Lakhimpur farmers' killing: SC cancels bail granted to Ashish Mishra

The bench said the high court took into account several irrelevant considerations while ignoring judicial precedents and parameters.

Published: 18th April 2022 11:07 AM  |   Last Updated: 19th April 2022 07:27 AM   |  A+A-

Lakhimpur Kheri: Ashish Mishra, accused in the Tikonia violence case, arrives at the Crime Branch office in Lakhimpur Kheri

Ashish Mishra, the key suspect in the Lakhimpur Kheri violence case. (File Photo | PTI)

By Express News Service

NEW DELHI:  The Supreme Court on Monday set aside the bail granted to Ashish Mishra, son of Union minister Ajay Mishra, in the Lakhimpur Kheri violence, observing the Allahabad High Court was myopic and in a tearing hurry to give him relief.

The order came on a petition filed by the family members of the victims of the violence. It directed Ashish to surrender within a week. A bench led by Chief Justice of India N V Ramana directed the high court to decide the matter afresh, observing among other factors that the victims didn’t get effective hearing.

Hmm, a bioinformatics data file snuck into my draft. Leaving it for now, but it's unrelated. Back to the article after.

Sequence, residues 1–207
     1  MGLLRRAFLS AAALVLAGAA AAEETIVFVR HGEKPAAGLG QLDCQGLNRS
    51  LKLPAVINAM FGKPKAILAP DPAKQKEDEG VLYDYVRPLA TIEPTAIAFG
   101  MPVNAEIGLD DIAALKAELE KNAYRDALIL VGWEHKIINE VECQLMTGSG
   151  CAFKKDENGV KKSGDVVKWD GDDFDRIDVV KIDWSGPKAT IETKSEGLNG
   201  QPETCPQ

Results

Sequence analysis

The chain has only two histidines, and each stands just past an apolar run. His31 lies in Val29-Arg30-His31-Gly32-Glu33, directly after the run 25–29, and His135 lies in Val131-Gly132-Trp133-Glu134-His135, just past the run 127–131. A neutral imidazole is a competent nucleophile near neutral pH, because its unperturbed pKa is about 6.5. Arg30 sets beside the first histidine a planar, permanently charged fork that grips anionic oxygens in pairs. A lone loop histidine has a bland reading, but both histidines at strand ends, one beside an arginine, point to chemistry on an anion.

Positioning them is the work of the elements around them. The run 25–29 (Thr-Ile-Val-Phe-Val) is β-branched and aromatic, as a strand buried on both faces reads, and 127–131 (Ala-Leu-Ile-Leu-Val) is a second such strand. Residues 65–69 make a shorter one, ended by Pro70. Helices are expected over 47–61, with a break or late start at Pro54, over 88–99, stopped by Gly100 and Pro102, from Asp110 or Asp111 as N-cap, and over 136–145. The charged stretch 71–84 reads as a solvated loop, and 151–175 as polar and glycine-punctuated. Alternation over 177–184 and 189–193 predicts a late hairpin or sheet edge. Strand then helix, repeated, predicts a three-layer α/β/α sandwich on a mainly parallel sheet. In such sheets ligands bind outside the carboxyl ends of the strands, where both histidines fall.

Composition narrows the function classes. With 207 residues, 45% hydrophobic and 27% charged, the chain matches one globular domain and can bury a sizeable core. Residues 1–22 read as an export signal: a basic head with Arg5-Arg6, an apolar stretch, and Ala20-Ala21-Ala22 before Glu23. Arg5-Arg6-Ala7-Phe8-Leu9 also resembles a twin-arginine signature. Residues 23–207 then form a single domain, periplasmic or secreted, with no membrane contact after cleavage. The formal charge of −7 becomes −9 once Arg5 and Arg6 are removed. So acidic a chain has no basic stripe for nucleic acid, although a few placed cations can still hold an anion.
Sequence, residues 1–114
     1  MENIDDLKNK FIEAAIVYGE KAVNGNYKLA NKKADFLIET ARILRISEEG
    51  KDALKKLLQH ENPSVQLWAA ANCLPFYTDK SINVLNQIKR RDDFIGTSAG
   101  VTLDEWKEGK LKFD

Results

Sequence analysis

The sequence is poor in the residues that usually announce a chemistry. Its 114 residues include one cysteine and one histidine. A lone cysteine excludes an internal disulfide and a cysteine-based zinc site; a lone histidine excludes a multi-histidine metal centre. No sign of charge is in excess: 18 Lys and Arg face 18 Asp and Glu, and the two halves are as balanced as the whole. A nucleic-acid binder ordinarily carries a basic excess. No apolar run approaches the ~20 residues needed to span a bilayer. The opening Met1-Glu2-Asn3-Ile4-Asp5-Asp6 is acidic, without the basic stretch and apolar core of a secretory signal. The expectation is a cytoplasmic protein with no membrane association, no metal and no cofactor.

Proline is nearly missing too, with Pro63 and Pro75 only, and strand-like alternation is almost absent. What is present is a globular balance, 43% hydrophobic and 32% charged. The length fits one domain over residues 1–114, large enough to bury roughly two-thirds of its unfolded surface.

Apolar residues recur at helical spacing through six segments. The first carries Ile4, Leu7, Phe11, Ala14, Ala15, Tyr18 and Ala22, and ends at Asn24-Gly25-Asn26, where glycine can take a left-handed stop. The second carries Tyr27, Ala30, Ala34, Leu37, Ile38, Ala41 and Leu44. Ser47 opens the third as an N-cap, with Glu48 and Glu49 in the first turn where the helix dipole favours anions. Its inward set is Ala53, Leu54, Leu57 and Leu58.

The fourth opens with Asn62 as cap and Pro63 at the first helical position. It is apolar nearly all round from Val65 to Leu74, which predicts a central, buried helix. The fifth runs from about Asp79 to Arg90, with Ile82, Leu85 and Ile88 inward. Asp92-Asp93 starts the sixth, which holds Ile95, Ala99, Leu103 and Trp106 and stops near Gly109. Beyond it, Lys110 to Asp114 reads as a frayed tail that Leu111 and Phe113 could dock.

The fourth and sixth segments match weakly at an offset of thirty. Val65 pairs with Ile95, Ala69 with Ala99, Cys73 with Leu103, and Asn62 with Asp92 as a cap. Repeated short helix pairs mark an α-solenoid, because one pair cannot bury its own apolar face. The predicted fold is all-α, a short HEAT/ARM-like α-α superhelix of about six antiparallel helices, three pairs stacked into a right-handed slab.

The bench observed that instead of looking into aspects such as the nature and gravity of the offence, severity of the punishment in the event of conviction, circumstances which are peculiar to the accused or victims, likelihood of the accused fleeing, likelihood of tampering with the evidence and witnesses and the impact that his release may have on the trial and the society at large, the high court adopted a myopic view of the evidence on the record.

“The high court shall decide the bail application afresh expeditiously and preferably within a period of three months,” the order read. The bench said the high court took into account several irrelevant considerations while ignoring judicial precedents and parameters.

“It has been ruled on numerous occasions that a FIR cannot be treated as an encyclopedia of events. While the allegations in the FIR that the accused used his firearm and the subsequent post mortem and injury reports may have some limited bearing, there was no legal necessity to give undue weightage to the same,” the court said. It expressed disappointment at the manner in which the high court failed to acknowledge the rights of the victims. 


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